A 'CV of Failures' Offers Path Out of Perfectionism

Jennifer Nelson


June 03, 2019

Albert Wu, MD, MPH, is not someone you would normally associate with failure. His CV includes serving on the Institute of Medicine's committee on preventing medication errors, and he was senior advisor for patient safety to the World Health Organization in Geneva. He was the first to measure how antiretroviral therapy affected the quality of life in patients with HIV. Now he's director of the Johns Hopkins Center for Health Services and Outcomes Research in Baltimore, Maryland.

But his career path hasn't all been smooth sailing, especially in the competitive tenure-track world of academia.

"When I first went up for promotion to full professor," Wu recalls, "I was turned down." One criticism he received was that he had not been the principal investigator on enough federal grants.

Most physicians have been there. Your research paper was rejected. You didn't get the coveted appointment or long-sought job. Maybe you got some terrible patient reviews online. Now what?

Talking about or sharing failure with others is not typically considered physicians' forte. The tendency with perfectionist personalities, which many physicians fess up to, is to quietly stew in your own brain juices until you can come to a place of somber self-acceptance.

That's why many people found it refreshing when Princeton University professor Johannes Haushofer posted a CV of Failures to his professional website: a lengthy list of grants, awards, and jobs he was denied. Asked why he would do such a thing, Haushofer told The Washington Post that he initially was trying to support a friend who had had a setback. Sharing his own disappointments seemed to help his friend, so he made his list public to show others that things haven't always come easy for him.

The original idea for a CV of failures came from an article in Nature, where scientist Melanie Stefan of the University of Edinburgh pointed out that sharing your flops—missed jobs, lost fellowships, messed-up presentations—not only helps you get over them but also helps other people overcome their own shortcomings.

A Better Way to Handle Failure?

Most failures are quietly swept under the table while successes are shouted across social media every day, projecting unrealistic images and potentially engendering negative feelings in others. Experts explain that being reminded of others' achievements can evoke a malicious kind of envy when it's perceived as resulting from internal forces (intelligence, talent, or business savvy) and it looks like the win came effortlessly.

In contrast, sharing failure exposes the external forces at play—that something took hard work, a long time, or may have involved some good luck. In essence, sharing your failures, as uncomfortable as it may be, can trigger productive feelings in others.

Admitting failure also has internal benefits. Researchers have found that taking ownership of failure makes it more likely to learn from, move past, and work harder after a disappointment. In fact, certain types of failures—lost job opportunities, missed research grants, overlooked awards—may be considered "intelligent failures," a term coined by Duke University professor of management Sim Sitkin, to describe situations where experimentation is needed and answers cannot be predicted in advance.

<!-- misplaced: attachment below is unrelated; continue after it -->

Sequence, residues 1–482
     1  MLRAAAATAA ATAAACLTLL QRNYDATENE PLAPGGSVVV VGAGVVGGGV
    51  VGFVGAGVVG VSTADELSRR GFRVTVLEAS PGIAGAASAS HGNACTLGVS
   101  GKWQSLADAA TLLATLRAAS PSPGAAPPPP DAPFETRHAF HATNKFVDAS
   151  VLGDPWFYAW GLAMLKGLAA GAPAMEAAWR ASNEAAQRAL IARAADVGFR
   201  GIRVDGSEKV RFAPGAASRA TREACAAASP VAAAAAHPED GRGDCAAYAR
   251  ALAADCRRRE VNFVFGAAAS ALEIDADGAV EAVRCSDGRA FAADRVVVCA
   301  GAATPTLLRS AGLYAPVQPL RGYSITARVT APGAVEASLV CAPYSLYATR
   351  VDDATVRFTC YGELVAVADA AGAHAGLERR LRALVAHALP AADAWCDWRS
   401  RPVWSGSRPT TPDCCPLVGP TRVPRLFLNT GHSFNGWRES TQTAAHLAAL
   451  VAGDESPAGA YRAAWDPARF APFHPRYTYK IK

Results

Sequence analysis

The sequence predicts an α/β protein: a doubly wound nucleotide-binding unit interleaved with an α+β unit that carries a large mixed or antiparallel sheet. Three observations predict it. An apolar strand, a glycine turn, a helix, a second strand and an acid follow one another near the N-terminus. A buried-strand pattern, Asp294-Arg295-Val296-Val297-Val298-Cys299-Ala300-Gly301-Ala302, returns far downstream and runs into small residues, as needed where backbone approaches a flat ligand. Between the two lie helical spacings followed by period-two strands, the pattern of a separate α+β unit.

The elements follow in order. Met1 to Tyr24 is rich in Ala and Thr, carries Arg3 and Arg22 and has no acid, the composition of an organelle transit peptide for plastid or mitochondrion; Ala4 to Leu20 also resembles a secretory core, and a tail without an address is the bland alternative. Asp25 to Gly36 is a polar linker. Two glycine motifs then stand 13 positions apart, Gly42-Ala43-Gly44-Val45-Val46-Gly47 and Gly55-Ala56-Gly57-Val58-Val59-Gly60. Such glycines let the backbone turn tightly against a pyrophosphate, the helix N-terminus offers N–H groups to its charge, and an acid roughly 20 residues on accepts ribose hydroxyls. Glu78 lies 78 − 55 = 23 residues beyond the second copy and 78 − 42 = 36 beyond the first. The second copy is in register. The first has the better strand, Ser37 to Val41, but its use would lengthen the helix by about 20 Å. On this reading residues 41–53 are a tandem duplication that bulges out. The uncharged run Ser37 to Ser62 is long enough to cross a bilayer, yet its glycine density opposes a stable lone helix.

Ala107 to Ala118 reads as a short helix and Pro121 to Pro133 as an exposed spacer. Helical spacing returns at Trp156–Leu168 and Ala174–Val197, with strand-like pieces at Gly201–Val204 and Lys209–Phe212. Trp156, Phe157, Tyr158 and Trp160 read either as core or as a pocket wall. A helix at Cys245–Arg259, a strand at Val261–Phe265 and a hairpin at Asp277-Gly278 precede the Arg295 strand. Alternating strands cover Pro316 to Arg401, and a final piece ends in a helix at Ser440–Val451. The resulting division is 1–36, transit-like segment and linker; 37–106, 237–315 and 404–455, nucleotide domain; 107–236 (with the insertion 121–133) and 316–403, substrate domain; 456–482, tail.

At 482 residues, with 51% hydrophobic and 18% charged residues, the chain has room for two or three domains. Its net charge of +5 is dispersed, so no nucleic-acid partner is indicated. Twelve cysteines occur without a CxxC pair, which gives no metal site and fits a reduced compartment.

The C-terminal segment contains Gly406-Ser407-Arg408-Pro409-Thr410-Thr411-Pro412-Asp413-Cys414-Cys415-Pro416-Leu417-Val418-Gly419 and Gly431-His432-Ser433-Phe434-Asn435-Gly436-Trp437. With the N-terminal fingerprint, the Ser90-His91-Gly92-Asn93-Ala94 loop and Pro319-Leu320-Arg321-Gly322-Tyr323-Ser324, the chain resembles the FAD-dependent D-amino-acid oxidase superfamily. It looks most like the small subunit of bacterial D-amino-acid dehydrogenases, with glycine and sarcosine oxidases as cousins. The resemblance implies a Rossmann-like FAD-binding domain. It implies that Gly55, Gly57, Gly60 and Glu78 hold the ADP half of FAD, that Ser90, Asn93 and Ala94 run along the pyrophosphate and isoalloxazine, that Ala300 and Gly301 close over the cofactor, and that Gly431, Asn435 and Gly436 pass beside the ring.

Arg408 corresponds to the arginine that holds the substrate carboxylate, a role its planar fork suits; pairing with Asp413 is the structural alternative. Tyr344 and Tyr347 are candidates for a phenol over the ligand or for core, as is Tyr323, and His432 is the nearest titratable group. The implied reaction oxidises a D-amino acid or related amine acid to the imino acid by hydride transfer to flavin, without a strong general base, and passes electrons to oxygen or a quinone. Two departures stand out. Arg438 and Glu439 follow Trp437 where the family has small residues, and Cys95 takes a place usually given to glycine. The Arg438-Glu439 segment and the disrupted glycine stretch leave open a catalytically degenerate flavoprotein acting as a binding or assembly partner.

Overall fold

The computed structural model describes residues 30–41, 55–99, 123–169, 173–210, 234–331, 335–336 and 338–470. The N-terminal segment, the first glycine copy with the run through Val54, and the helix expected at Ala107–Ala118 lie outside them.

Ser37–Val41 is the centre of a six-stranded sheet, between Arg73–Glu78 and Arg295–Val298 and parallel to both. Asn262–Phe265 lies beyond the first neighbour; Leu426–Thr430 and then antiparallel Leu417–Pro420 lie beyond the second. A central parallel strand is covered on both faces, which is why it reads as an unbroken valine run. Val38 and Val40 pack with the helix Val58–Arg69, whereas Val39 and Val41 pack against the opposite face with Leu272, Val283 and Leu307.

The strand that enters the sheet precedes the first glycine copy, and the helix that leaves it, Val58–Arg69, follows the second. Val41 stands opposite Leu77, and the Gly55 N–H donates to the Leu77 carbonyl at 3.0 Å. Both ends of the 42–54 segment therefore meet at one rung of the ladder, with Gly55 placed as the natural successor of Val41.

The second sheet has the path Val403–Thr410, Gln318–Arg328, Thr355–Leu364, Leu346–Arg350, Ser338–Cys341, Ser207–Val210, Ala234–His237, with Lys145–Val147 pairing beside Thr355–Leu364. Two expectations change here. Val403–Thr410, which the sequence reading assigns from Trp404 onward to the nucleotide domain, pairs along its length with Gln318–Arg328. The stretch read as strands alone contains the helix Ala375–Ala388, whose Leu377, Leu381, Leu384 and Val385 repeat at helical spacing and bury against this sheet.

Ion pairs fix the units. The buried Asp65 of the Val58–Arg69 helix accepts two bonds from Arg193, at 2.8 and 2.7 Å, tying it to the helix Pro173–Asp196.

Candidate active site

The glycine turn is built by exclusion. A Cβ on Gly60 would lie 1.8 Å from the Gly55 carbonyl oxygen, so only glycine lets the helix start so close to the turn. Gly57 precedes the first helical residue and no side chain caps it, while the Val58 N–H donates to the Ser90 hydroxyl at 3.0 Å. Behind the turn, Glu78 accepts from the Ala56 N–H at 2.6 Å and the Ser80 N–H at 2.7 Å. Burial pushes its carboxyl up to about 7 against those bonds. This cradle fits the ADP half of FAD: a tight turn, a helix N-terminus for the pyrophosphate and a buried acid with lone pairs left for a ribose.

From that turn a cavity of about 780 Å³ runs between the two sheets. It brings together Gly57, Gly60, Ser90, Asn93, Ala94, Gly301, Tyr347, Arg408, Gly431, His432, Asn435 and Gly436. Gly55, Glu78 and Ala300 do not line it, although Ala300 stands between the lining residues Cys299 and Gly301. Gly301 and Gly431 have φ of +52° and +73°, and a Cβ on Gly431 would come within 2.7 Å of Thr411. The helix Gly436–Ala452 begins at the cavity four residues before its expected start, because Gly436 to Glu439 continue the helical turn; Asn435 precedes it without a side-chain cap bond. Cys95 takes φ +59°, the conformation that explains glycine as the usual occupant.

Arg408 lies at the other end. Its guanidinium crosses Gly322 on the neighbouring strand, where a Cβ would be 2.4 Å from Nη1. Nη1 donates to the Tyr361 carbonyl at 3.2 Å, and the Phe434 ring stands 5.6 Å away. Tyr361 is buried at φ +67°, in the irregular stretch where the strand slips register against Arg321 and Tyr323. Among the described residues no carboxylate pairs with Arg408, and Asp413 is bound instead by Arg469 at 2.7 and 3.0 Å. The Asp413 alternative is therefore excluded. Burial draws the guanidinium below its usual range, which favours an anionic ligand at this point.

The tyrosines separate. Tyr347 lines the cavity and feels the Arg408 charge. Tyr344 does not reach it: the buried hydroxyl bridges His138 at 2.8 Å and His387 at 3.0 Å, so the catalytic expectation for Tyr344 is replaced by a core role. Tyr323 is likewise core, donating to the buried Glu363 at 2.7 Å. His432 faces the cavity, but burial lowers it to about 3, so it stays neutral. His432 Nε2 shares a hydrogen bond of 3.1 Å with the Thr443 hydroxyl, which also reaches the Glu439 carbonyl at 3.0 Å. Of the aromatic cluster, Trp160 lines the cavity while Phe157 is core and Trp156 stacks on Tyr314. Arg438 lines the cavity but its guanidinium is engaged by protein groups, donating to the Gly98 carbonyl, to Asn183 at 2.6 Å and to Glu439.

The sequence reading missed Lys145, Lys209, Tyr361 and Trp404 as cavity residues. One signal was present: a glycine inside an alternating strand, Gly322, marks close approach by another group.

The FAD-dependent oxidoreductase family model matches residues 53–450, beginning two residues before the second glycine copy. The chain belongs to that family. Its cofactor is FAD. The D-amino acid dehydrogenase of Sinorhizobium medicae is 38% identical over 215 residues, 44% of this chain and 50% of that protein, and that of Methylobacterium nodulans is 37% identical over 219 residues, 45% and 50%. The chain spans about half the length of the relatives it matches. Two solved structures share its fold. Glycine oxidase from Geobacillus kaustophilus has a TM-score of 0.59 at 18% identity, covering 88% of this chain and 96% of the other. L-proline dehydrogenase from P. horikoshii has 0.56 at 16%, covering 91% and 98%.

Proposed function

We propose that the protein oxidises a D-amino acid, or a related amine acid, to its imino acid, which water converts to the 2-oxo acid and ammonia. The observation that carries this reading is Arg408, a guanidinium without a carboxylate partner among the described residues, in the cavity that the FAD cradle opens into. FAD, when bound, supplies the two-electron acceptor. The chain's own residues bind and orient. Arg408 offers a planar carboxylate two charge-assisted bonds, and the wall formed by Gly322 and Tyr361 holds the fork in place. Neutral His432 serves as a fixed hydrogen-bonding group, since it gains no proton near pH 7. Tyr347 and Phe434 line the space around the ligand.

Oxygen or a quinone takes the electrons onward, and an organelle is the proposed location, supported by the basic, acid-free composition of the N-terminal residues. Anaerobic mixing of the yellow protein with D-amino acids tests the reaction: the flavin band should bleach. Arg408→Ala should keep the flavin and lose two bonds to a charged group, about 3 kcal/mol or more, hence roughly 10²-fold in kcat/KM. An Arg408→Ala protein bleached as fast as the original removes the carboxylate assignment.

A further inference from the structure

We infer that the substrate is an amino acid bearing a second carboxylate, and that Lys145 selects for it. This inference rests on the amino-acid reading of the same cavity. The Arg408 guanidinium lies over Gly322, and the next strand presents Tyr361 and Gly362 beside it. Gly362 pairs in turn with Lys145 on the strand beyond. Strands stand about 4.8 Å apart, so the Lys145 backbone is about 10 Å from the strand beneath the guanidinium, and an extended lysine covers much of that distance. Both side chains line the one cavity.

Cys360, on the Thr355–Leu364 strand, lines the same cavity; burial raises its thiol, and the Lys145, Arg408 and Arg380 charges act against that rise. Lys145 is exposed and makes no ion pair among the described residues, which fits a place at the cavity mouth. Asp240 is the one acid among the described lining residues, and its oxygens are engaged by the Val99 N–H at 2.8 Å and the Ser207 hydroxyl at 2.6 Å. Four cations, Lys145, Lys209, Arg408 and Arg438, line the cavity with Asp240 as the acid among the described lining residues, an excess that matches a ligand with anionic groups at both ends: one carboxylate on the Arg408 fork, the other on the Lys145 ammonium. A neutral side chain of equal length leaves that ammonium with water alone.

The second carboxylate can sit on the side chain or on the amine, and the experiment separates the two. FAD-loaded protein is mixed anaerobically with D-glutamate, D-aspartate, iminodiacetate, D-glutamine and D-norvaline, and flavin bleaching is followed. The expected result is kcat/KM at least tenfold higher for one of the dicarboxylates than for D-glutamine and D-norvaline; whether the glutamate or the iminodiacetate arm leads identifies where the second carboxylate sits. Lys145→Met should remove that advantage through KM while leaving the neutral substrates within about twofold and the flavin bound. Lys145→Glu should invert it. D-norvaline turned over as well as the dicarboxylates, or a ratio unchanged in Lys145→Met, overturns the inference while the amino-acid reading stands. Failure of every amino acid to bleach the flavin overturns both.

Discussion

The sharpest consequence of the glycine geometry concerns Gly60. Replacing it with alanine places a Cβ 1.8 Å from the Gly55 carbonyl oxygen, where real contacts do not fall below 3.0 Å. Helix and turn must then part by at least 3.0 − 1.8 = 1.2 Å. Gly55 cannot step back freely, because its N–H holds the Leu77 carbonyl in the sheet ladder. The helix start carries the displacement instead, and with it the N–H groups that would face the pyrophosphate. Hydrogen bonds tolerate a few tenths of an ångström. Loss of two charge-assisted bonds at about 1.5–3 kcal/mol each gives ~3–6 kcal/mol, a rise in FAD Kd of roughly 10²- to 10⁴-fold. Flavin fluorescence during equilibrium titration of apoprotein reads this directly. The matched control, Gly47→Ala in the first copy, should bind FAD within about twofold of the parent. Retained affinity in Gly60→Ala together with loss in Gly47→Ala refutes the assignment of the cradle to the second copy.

Thus, talking about failure is not only crucial to helping with personal growth but is also a great strategy to align colleagues and provide a framework for learning. You don't need to list your every failure and post it on the waiting-room bulletin board, but sharing strategic elements of failures with colleagues can be a path to resiliency and greater acceptance by peers, who may then feel safer sharing their own difficulties.

Fail, Fail Again, Fail Better

"Research, common sense, and experience converge in supporting the importance of failure for building long-term success," says Forrest Talley, PhD, a California-based clinical psychologist.

Failure provides important lessons. "Some of these are practical: what worked well, what was not effective, what assumptions were faulty," says Talley. Other lessons build character: an increased desire to reach one's goal, the realization that failure does not lead to death, clarity regarding priorities, and greater mental toughness.

"Nearly everyone starts life with enormous amounts of persistence and resiliency. This is why toddlers will fall hundreds of times in a week when learning to walk, but nevertheless continue to pick themselves up and enthusiastically stagger across the living room floor one more time," Talley says.

With each stumble followed by a renewed effort, the toddler becomes more proficient, more confident, and his or her skills expand.

The idea has caught on somewhat on Twitter, where some physicians have received encouragement for disappointments they shared using the hashtag #FailForward.


As for Hopkins professor Wu, after being turned down for a promotion, he redoubled his efforts to secure the kind of funding he lacked.

"Initially I was more annoyed than disappointed," he said. "But the feedback I got did make sense, so I got over myself and got to work." And those efforts paid off when he was made full professor a couple of years later.

Wu said he continues to keep a lengthy, if not particularly organized, list of his greatest "not hits."

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